City Portrait: Vintage Miami

Matthew Hranek
by Rick Bragg - Florida - December 2012/January 2013

Cosmopolitan, edgy, never boring, this city has a way of sticking with you


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I had a house in Miami, once. Well, it was in Coral Gables, just across 
LeJeune Road and the city limit line, but my cat lived in Miami and came and went through four lanes of traffic, unafraid. I know he was not a full-time Coral Gables cat because he did not have his shots and did not have a collar with little bells on it, and did not even have both his ears. 

He came with the house. He was as black as the bottom of a well and stitched with scars, and his tail had been broken so badly it jutted out perpendicular to his body, so that when he skulked around the yard, hunting lizards, it always looked like he was signaling a hard left turn. I named him Mofongo because I mostly fed him leftover garlic-flavored mashed-up and deep-fried green plantains, and because Mofongo had a better ring to it than “ham croqueta.” But most of the people on my street thought his name was “Come here you fuzzy bastard,” because that was all he answered to, when he would come at all. I think, now, it was because I was calling him in English. He was a Miami cat, and so spoke Spanish, solamente.

So it was my own fault that he was the way he was.  Not speaking Spanish in Miami is like working at the New York Stock Exchange and not being able to count. Mofongo had every right to expect me to habla. He was born here. Over three years, he bit anyone who tried to pet him. I loved that cat.

I think about him now and then and it always makes me smile, and that is what a memory should do if it is any damn good. Miami is like that for me. It bit me more than once, and while it was sometimes not pretty it was never dull. Miami is across the world from dull. I have always imagined that I was on the edge of something here, a jumping-off place to even hotter, damper, more dangerous shores.

Most of what I remember of my time here, seven years or so, off and on, has been romanticized a little, I suppose. I remember being neck-deep in blue water, the Atlantic and the Caribbean swirling together at my back, my eyes resting on sand covered in soon-to-be supermodels, as the air above my head swirled with good music, the words of which I could not comprehend. This was a place where much of the architecture seemed peeled from a child’s cartoons and stuck on the dingy sand between a blue sea and a great, liquid land, where the air seemed to always smell of strong coffee and hibiscus with just the tiniest taste of gunpowder, though I am probably just being romantic about that, too. I remember it as a place where, if you ordered a glass of Barbancourt, the dangerous Haitian rum, the bartender did not look at you as if you had asked for eye of newt. When I first came here, in the dawn of the 1990s, it was a place where old men still trained in the Everglades to overthrow the murderer Fidel, telling tales of a prison called la escalera as they reclined beside a great, bubbling pot of baccalau. Parrots, escapees from Monkey Jungle, nested in the banyan trees. It was not always like that, this city, but that is what I will choose to recall.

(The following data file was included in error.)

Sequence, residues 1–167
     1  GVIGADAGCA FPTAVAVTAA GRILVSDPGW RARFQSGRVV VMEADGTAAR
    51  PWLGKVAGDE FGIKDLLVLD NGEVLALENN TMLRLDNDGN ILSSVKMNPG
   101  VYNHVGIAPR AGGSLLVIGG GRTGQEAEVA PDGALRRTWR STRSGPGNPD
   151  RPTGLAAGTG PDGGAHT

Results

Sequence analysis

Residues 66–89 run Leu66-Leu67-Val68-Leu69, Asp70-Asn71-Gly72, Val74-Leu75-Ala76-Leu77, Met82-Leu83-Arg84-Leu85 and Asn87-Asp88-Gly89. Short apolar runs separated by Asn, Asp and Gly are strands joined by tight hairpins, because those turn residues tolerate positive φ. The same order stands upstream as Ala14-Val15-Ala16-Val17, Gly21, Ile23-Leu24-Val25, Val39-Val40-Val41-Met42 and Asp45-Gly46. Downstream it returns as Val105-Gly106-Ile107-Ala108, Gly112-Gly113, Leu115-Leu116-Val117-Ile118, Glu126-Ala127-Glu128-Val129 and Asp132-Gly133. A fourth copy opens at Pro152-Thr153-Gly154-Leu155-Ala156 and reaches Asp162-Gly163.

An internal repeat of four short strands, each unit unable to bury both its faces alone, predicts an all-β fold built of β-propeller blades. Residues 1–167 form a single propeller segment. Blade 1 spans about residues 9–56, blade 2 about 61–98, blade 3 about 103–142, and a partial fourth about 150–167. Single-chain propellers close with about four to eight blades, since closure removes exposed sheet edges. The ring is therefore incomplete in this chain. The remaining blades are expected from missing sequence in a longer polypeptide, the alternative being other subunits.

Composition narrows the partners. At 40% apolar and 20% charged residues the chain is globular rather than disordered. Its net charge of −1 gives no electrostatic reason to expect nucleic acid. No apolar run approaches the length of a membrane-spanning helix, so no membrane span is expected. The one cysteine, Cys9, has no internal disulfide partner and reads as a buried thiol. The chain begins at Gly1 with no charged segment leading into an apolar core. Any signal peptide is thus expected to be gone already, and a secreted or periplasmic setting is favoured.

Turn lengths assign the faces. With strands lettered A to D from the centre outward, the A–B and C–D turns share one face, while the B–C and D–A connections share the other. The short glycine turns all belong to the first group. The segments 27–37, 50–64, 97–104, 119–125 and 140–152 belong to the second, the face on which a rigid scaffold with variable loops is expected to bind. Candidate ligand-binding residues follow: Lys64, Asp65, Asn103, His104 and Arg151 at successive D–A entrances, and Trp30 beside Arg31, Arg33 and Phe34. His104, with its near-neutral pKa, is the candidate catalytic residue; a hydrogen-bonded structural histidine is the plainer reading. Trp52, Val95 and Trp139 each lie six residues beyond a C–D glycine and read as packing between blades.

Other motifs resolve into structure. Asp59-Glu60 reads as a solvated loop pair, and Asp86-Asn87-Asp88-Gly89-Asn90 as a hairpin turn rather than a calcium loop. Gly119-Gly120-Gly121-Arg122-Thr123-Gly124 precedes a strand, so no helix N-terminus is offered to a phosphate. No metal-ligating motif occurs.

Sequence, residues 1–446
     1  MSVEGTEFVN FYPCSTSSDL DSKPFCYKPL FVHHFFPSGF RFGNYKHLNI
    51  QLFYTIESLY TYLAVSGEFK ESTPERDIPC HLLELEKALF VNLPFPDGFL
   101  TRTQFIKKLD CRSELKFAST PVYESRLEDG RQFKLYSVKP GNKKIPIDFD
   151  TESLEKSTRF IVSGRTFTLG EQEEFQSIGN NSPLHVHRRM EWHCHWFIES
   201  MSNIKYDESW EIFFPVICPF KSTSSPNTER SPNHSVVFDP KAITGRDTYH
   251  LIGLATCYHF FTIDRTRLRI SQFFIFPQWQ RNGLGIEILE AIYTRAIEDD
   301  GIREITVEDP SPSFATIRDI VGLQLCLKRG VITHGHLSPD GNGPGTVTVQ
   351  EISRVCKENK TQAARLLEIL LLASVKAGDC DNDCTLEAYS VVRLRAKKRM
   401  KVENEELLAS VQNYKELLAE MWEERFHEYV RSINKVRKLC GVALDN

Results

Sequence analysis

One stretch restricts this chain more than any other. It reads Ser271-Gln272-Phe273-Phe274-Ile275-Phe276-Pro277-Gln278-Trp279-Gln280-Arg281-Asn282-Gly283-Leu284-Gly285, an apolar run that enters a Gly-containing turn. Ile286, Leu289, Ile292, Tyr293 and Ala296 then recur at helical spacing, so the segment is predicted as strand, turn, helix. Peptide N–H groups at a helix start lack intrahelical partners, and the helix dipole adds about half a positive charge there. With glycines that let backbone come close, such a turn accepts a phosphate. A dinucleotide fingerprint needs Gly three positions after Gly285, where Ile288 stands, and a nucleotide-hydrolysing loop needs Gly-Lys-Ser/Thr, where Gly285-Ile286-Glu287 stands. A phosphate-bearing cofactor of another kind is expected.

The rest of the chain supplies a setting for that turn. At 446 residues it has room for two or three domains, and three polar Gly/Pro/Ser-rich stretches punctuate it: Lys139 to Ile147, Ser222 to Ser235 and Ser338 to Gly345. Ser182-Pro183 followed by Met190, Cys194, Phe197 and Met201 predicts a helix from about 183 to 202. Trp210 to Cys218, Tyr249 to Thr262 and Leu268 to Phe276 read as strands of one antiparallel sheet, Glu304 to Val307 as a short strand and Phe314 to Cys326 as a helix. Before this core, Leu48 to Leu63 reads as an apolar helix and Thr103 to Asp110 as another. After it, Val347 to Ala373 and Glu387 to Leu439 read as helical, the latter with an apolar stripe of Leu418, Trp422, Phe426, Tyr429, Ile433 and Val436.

I lived here twice, both times writing for a living, chasing wonderful stories but probably not very hard. It was hard to dwell on work here, unthinkable to twist on a tie. And sometimes it was safer not to work at all. I was knocked goofy here, twenty years ago, hit on the head with a rock on a violent night, blundering around in one of the city’s more minor race riots. That, as my kinfolks say, should have learned me, should have educated me about pretending to try to make sense of a place that defied sense, then, always. I left it for New Orleans, the last time, which is like trading one mean cat for another. 

In my absence, it would hardly grow less interesting. This is where, last spring, a naked man chewed the face off a homeless man on the MacArthur Causeway before being shot dead by the police. When I lived here, the worst thing that might bite you was an alligator in the storm drain. Now pythons writhe across residential roads and have eaten many of the small mammals in the Everglades. There are still machine-gun murders in Little Haiti and election rigging in Hialeah—election rigging is a sport here—but I do not chase such things anymore. The biting has increased too much to suit me.